Usually when I mention journalists, it is because they have written something flattering about one of our wines, but not on this occasion. For the very first time I am making a post because I feel moved to disagree with a comment about a particular wine….. and it is not one of ours!
The journalist in question is a guy called W. Blake Gray, who used to write for the San Francisco Chronicle, but then a year or two ago moved to the L.A. Times.
Following a visit to Rias Baixas he recently wrote an informative piece about our denomination, except that one or two of his tasting observations left me a little puzzled.
I have always agreed with the old adage that one man’s meat is another man’s poison, which is part of what makes the wine world so interesting – we don’t all like the same wines. However, in this case I do find the closing paragraph of his article at the very least a little misleading, if not a bit of an exaggeration. I quote:
“I don’t think I’ve tasted a better 2008 Albariño than Martin Códax, with green apple and peach flavors and excellent balance. And at $14.99, it’s the cheapest of all the major exports. Gallo’s efficient distribution has a huge benefit. Don’t you love it when the least expensive wine is best?”
Now, I have the upmost respect for our local co-operative Martin Codax and the job that they do for our region – indeed they do make some very good wine, but to say they are the best, does a great disservice to many other top wine cellars in our region (including our own). Great quality/price possibly, excellent value for money perhaps, but to state clearly that it’s the best?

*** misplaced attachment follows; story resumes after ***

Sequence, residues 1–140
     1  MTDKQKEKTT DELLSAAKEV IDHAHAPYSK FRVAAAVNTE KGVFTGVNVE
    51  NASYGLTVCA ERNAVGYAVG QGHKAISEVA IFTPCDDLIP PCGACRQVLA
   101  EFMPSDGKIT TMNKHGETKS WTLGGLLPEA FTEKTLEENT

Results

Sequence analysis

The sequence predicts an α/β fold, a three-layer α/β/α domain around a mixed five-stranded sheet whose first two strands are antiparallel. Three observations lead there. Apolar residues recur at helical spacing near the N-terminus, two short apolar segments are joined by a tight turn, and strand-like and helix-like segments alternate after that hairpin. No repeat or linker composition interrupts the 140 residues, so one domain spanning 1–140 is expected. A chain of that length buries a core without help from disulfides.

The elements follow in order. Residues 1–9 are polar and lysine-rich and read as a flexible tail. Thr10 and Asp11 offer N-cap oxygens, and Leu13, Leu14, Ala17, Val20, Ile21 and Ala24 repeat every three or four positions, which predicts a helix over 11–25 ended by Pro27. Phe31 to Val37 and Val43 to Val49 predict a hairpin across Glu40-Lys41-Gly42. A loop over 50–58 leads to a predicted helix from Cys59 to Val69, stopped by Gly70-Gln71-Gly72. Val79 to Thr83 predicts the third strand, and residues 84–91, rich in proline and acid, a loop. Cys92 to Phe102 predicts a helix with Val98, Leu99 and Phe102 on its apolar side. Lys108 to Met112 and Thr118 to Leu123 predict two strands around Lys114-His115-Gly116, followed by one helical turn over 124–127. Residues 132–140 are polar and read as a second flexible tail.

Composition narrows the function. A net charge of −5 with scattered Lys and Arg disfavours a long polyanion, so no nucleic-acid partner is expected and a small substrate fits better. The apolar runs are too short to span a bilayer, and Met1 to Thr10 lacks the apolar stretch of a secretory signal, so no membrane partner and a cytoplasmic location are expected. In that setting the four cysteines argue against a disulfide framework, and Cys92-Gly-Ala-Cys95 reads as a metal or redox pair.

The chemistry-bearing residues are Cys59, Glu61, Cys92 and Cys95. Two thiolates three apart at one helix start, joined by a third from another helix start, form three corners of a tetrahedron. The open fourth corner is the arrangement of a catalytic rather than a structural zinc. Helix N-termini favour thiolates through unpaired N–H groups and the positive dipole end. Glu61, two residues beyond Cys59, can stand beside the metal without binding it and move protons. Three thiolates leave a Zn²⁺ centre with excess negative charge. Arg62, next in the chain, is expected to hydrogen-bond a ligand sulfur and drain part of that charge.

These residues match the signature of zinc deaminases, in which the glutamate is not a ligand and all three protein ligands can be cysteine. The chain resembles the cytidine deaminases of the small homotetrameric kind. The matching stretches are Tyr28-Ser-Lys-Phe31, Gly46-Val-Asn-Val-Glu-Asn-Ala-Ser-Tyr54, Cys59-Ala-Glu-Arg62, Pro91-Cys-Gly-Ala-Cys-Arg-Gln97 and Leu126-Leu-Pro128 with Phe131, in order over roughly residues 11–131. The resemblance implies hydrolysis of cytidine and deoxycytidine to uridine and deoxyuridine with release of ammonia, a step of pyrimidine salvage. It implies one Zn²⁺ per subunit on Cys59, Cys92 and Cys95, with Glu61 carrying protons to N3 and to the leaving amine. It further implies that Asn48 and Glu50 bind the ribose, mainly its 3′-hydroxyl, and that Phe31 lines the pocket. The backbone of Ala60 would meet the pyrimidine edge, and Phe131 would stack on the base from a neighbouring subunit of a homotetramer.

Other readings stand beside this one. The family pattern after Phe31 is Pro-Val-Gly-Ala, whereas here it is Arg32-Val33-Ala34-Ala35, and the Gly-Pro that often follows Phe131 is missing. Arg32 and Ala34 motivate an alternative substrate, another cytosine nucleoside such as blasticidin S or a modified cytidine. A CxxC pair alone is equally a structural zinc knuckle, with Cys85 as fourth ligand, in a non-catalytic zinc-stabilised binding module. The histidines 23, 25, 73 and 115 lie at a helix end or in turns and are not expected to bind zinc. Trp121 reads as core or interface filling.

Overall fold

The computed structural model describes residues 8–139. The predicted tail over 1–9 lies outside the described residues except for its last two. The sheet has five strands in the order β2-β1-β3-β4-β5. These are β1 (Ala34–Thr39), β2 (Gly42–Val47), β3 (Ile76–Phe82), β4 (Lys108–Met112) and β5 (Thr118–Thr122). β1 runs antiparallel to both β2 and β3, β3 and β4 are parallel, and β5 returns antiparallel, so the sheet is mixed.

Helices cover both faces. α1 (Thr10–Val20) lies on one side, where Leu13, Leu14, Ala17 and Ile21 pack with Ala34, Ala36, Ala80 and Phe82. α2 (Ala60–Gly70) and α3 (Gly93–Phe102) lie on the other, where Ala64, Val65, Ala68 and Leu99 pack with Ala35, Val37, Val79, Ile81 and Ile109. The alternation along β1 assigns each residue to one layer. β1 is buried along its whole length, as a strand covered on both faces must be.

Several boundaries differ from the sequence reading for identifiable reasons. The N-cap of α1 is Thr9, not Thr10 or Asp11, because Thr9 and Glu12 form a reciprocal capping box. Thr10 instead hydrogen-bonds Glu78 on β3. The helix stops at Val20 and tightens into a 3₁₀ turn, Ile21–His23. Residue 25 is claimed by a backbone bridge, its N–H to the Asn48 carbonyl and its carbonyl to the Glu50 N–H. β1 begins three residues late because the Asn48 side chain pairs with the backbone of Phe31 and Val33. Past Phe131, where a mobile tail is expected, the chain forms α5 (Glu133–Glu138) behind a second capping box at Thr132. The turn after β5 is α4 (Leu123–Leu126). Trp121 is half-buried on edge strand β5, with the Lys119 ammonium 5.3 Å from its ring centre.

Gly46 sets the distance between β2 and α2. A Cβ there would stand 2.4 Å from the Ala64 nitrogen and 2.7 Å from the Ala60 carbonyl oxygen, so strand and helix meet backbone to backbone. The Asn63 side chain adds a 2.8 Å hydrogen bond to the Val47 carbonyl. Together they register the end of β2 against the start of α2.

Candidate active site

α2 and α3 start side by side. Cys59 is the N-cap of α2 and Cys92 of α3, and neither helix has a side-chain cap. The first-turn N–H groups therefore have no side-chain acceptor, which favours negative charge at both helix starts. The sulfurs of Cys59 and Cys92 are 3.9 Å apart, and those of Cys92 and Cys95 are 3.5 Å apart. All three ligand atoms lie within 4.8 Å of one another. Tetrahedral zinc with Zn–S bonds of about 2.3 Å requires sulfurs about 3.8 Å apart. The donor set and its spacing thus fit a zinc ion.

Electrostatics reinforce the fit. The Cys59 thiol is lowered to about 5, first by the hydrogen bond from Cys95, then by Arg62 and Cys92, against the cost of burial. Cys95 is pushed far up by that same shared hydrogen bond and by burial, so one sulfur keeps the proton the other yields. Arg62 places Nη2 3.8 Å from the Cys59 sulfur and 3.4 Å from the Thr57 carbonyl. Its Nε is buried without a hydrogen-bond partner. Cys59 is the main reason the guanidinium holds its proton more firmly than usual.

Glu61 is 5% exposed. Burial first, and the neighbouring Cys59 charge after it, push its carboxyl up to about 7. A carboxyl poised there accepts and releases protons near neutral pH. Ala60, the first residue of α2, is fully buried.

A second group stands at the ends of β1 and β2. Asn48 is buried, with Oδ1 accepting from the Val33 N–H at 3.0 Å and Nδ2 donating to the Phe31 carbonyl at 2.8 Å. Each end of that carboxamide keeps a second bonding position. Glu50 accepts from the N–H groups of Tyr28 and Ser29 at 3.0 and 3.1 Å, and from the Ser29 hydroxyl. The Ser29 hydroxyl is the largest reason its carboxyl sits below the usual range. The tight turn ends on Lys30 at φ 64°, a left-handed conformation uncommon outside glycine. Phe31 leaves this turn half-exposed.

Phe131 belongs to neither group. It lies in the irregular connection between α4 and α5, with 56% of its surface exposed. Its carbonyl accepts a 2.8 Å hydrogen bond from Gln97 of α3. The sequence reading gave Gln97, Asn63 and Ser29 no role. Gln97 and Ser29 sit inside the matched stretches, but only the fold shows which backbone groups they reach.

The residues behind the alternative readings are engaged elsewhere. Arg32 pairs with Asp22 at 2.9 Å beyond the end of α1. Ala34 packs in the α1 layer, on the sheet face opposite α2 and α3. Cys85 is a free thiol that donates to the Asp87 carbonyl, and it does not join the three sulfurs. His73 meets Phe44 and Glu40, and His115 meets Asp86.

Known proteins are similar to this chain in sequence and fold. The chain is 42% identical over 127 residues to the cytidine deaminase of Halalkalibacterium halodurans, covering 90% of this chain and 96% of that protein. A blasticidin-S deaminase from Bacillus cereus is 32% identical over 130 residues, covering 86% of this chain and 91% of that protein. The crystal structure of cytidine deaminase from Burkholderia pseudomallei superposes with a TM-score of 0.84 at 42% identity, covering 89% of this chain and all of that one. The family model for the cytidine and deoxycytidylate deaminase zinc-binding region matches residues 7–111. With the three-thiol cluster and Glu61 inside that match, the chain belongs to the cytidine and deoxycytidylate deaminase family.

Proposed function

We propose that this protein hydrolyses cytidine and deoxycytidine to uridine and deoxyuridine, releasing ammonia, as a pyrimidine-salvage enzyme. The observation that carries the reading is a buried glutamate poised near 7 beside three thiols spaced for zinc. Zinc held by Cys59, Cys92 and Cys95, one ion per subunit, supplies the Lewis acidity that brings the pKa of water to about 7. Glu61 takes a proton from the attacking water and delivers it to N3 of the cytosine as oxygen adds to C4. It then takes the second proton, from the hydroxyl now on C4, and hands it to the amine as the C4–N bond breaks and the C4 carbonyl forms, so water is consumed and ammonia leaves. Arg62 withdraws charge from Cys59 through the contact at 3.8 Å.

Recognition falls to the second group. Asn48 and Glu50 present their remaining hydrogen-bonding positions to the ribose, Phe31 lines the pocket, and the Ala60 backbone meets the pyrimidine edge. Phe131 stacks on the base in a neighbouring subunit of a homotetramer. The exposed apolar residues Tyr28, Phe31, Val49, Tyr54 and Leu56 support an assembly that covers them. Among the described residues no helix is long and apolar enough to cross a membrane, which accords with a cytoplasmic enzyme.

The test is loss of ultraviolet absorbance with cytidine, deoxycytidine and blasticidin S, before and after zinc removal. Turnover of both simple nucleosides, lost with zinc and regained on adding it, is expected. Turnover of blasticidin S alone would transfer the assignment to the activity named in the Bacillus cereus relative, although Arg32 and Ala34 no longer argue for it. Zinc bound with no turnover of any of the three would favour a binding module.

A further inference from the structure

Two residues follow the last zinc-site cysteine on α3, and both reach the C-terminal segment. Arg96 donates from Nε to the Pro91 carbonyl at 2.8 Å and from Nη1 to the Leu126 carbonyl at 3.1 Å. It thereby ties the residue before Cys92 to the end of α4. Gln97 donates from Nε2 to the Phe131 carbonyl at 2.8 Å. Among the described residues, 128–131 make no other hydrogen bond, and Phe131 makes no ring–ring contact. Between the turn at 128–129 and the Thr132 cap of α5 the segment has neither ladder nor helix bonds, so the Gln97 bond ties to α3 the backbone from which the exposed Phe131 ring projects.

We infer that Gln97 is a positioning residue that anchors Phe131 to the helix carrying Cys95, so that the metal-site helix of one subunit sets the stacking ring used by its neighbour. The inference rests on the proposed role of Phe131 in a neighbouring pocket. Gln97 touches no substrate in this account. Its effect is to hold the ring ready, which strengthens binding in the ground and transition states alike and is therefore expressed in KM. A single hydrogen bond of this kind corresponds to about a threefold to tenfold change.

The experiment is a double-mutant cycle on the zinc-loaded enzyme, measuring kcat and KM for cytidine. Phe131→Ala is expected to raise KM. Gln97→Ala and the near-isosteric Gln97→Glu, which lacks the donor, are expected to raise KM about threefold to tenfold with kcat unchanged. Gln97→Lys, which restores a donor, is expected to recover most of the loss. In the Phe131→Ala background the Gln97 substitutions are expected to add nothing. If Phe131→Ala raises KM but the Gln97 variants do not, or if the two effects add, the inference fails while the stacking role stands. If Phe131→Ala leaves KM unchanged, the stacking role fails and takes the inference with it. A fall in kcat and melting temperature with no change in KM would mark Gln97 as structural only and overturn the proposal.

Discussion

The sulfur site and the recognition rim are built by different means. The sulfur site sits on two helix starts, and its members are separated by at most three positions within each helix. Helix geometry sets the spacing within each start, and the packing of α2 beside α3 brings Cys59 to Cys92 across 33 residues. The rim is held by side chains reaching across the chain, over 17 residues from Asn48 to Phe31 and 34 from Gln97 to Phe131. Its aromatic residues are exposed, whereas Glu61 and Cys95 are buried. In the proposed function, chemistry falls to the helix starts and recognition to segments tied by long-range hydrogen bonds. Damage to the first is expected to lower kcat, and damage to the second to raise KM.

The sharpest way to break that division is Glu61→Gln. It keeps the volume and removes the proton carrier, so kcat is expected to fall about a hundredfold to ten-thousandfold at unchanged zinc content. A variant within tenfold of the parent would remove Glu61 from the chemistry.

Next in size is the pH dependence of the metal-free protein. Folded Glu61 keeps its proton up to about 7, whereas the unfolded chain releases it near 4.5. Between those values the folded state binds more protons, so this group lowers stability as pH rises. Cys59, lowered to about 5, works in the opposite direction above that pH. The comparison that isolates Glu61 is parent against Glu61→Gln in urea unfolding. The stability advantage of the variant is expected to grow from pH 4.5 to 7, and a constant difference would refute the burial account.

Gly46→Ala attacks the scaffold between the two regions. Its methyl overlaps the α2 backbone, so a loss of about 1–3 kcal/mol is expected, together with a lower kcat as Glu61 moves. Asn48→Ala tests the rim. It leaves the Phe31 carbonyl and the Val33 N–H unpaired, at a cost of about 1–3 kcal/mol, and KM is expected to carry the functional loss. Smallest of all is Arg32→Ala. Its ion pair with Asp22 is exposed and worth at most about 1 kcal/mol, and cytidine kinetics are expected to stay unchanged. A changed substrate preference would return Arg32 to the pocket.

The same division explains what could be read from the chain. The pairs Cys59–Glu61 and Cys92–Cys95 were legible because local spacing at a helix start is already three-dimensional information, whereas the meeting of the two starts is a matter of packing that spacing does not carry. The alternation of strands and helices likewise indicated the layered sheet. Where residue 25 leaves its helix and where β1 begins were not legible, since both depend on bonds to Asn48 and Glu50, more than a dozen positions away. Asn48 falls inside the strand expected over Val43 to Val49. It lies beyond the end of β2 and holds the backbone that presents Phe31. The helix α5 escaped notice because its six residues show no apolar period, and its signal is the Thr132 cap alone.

But it is not just this judgement that puzzles me, he goes on to remark about another wine from our other co-operative:
“I really liked a non-exported Albariño fermented in Galician oak, which combines the understated toastiness of French oak with the dill and coconut notes of American oak. In fact, I liked most oak-fermented Albariños I encountered in Rías Baixas. Yet, the fashion for un-oaked wines is so strong that more than one winery said their American importers refuse to handle their oak-fermented bottlings. I hope that changes.”
Dill and coconut? – My own understanding of why our regions oaked wines are not extensively exported is just a little different….. As Angela will attest, I have never been wholly convinced that Albariño marries well with oak, despite the fact that we actually make a little ourselves. I simply feel that the delicate Albariño grape does not have enough weight and body to support the use of oak (except perhaps in a very ripe vintage, when the alcohol, glycerol and therefore mouthfeel, is a little elevated). In a ‘typical’ vintage, Albariño could potentially be a little lightweight, and just leave leave the consumer with a sensation of oak and acidity. For my own palate oak fermented Albariño is little like oak fermented Chablis….. no thank you!
Oh, and by the way, one last observation that he made, once again about Martin Codax:
“That’s thanks to a stubborn ninth-generation winemaker at Martin Codax, he does what he wants. That includes rejecting more than 30% of the grapes the co-op’s members brought him last year.”
Impossible! Martin Codax is by far the biggest producer in our denomination, and each year presses at least a couple of million kilos of Albariño grapes. If they rejected 30% of their grapes as claimed in this article, then the repercussions for our entire area would be disastrous – not to mention that it would leave them desperately short of wine. Sorry, Mr Blake Gray but this sounds like a bit of a tall story to me, or at the very least, is a bit exaggerated.
A. J. Charles McCarthy
Controversial footnote for conspiracy theorists:
L.A. Times = California
California = E&J; Gallo
E&J; Gallo = Martin Codax
Any connection? (Gallo does get a significant mention in the text)